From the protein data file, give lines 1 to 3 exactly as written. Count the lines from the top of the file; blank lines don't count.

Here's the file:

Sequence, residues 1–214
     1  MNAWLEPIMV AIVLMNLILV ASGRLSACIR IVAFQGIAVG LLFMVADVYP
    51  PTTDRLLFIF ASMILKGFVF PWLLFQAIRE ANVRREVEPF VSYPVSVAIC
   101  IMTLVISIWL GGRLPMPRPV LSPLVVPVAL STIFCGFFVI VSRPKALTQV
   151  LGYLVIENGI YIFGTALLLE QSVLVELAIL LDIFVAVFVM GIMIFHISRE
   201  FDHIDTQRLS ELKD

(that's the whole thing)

Sequence, residues 1–214
     1  MNAWLEPIMV AIVLMNLILV ASGRLSACIR IVAFQGIAVG LLFMVADVYP
    51  PTTDRLLFIF ASMILKGFVF PWLLFQAIRE ANVRREVEPF VSYPVSVAIC